This book explores a range of biohealth and biosecurity threats, places them in context, and offers responses and solutions from global and local, networked and pyramidal, as well as specialized and interdisciplinary perspectives.
Specifically covering bioterrorism, emerging infectious diseases, pandemic disease preparedness and remediation, agroterroism, food safety, and environmental issues, the contributors demonstrate that to counter terrorism of any kind, a global, networked, and multidisciplinary approach is essential. To be successful in biosecurity, this book argues it is necessary to extend partnerships, cooperation, and co-ordination between public health, clinical medicine, private business, law enforcement and other agencies locally, nationally and internationally. Internationally, a clear understanding is needed of what has happened in past epidemics and what was accomplished in past bioprograms (in Britain, South Africa, Russia, for example). This book also assesses how, with the right technology and motivation, both a state and a non-state actor could initiate an extremely credible biothreat to security at both local and national levels.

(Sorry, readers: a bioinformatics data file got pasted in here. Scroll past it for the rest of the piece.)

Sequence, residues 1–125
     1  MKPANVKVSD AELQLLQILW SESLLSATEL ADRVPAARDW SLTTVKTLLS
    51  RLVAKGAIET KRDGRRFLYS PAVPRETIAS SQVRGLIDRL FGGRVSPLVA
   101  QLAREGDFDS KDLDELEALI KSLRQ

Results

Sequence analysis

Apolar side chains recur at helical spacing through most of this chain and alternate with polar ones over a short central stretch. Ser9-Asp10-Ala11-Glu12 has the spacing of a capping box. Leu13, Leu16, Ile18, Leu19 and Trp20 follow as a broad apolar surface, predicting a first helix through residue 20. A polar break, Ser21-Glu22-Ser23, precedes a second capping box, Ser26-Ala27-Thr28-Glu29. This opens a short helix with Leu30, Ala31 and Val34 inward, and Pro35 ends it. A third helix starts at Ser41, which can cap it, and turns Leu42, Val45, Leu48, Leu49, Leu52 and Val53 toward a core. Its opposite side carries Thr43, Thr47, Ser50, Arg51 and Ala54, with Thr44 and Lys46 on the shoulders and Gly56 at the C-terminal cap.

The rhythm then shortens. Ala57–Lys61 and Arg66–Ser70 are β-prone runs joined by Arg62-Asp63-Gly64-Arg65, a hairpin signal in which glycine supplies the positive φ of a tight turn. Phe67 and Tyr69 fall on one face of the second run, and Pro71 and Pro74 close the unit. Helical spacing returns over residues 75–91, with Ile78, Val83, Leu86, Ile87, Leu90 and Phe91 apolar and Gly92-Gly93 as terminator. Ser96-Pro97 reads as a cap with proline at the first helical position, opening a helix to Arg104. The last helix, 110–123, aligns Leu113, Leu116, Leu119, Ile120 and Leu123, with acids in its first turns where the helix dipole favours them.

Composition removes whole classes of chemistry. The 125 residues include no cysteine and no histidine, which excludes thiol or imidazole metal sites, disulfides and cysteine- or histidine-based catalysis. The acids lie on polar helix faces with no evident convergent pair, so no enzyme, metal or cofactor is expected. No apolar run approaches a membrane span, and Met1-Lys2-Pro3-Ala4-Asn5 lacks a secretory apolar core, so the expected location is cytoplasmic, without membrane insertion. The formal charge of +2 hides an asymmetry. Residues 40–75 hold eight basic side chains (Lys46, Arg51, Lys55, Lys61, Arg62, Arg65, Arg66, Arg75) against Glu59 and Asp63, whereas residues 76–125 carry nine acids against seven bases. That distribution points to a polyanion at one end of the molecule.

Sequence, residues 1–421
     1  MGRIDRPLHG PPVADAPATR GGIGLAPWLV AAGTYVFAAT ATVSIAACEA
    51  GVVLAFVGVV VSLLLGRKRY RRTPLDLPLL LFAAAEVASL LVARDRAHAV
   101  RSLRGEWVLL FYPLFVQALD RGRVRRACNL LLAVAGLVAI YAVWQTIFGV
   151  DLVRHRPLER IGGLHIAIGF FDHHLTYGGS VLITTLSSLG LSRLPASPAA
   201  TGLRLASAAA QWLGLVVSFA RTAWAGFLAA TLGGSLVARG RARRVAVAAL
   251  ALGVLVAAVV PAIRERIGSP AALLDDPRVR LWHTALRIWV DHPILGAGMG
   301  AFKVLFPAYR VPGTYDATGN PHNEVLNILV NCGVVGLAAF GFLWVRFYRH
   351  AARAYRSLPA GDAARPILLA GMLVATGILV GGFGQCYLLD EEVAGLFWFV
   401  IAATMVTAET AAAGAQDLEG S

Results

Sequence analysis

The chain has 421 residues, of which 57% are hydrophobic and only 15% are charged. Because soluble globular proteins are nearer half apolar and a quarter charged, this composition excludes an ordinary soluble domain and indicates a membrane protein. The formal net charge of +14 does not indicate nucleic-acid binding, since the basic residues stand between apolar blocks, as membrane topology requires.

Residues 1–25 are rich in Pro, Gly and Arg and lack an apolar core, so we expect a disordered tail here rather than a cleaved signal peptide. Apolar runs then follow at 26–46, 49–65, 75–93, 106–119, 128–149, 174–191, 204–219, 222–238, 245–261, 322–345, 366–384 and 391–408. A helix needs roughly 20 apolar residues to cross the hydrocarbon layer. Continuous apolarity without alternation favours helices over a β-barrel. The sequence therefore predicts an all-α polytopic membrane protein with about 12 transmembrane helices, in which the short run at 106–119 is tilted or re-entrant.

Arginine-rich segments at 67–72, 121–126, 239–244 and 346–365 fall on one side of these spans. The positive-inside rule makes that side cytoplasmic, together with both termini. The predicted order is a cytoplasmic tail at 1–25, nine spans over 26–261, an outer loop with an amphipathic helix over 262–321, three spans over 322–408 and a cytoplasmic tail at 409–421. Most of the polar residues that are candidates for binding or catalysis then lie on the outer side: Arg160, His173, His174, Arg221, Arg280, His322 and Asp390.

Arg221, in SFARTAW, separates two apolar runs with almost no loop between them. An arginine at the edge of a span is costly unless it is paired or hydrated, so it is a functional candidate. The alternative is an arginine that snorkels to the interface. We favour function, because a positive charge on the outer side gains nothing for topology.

This book will be of much interest to students, researchers and practitioners of security studies, public health, public policy and IR in general.
Peter Katona is Associate Professor of Clinical Medicine at the David Geffen School of Medicine at UCLA in Infectious Diseases. He is co-founder of Biological Threat Mitigation, a bioterror consulting firm.
John P. Sullivan is a lieutenant with the Los Angeles Sheriff's Department.?He is also a researcher focusing on terrorism, conflict disaster, intelligence studies, and urban operations. He is co-founder of the Los Angeles Terrorism Early Warning (TEW) Group.
Michael D. Intriligator